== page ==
Imagine a traditional museum. It’s a place of calm and quiet, where visitors tiptoe around and are told not to touch the exhibits. Now, turn that notion on its head and consider the opposite—and that’s more like what you can expect from a children’s museum. “It’s very hands on and interactive. Everything is open-ended, so there’s no right or wrong way to play something. And while we call everything exhibits, we actually want the children to touch everything,” says Serena Fan, who founded Hong Kong’s first children’s museum, the Children’s Discovery Museum, which opened in 2018 as a space for children to experience learning through play.
“I personally think it’s very needed, because all parents want their children to play, but in Hong Kong, they lose sight of that sometimes. We want to showcase that learning through play can happen,” says Fan. “Just because your child is not sitting in a classroom, that doesn’t mean he or she is not learning.”
This focus from parents on pushing their children to learn through various forms of classroom teaching rather than through play is by no means particular to parents in Hong Kong.
“With research and parents becoming more and more educated, and people having less children, I think everyone is eager to give their child the best,” says Fan. “And it’s really explaining to them that yes, you should be giving your child the best, but don’t take it to the extremes. Children need space and time and to think for themselves and to play and to be bored. And I think sometimes parents forget that. So, I hope the Children’s Discovery Museum is a good reminder for them that when they are here, they will play.”
Hong Kong’s Children’s Discovery Museum first opened in a permanent space in North Point, before taking up a semi-nomadic existence during Covid with smaller pop-ups hosted in Tsuen Wan and Sai Wan Ho, before settling in August this year into a new permanent space. Its current location spans 5,500 square feet in Sai Wan Ho, and features many of the museum’s best-loved exhibits from former incarnations as well as some new ones. It is currently in soft opening phase, welcoming visitors by invitation only.
A diverse selection of exhibits is on offer, most of which are suitable for various ages allowing children different experiences with the same exhibits each time they visit. All are relatively low-tech. “There are so many pros to technology, but it’s a disadvantage for children. They don’t understand the physical components behind it. We’re very low-tech on purpose because research has shown that it’s good for children and their brain to have tactile experiences. I feel that more and more as technology advances, we can’t forget the fundamentals.”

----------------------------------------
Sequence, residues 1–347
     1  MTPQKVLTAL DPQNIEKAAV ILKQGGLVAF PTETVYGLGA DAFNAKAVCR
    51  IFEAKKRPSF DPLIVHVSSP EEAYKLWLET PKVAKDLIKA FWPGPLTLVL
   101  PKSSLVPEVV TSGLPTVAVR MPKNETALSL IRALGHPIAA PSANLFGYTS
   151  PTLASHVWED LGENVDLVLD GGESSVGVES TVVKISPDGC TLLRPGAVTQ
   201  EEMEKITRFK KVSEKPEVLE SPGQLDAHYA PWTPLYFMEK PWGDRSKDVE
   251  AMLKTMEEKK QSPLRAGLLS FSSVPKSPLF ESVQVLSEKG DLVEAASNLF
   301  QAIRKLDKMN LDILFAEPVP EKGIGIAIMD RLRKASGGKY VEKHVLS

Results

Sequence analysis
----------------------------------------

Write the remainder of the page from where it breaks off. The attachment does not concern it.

In the museum, visitors will encounter a discovery zone, a building zone, and a Hong Kong transportation-themed area with lights to turn on and off and windows and doors to open and close. There’s a stage area for storytelling with costumes and props and places to learn about emotions and character archetypes depending on the visitor's age, as well as a puppet theatre and a green screen. A water play area features a water table and a new water wall. There’s also a creative space for drawing and painting, the latter directly onto the floor-to-ceiling windows that overlook Shau Kei Wan Road. A miniature replica of the Tsing Yi bridge allows smaller kids to hone their walking skills, while a baby playpen is a place for very young children to crawl and explore.
With the new space, Fan really wants to establish the Children’s Discovery Museum so that people know what it is it, what the goal is and what the purpose is—to reach as many children as possible and illustrate the educational value of open-ended play.
It’s easier now Fan has something to show. When she first decided that Hong Kong needed a children’s museum, it was difficult for people to understand what she had in mind. Despite the fact that children’s museums have been around for well over 100 years, and there are well-established examples not only in the US but also, for example, in Osaka, Seoul, Taiwan and Bangkok, people in Hong Kong were not familiar with the concept. “And at the time, I wasn’t good at describing it,” says Fan. “But now, I just say, 'We’re not a traditional museum, we’re the opposite.' We’re also like a science museum but instead of being focused on science, we’re well-rounded.”
One day, Fan hopes for more: “The long-term vision is that Hong Kong should have its own standalone building for a children’s museum,” she says. But for now, she is focused on delivering the key message: if you want a child to learn, you must let them play.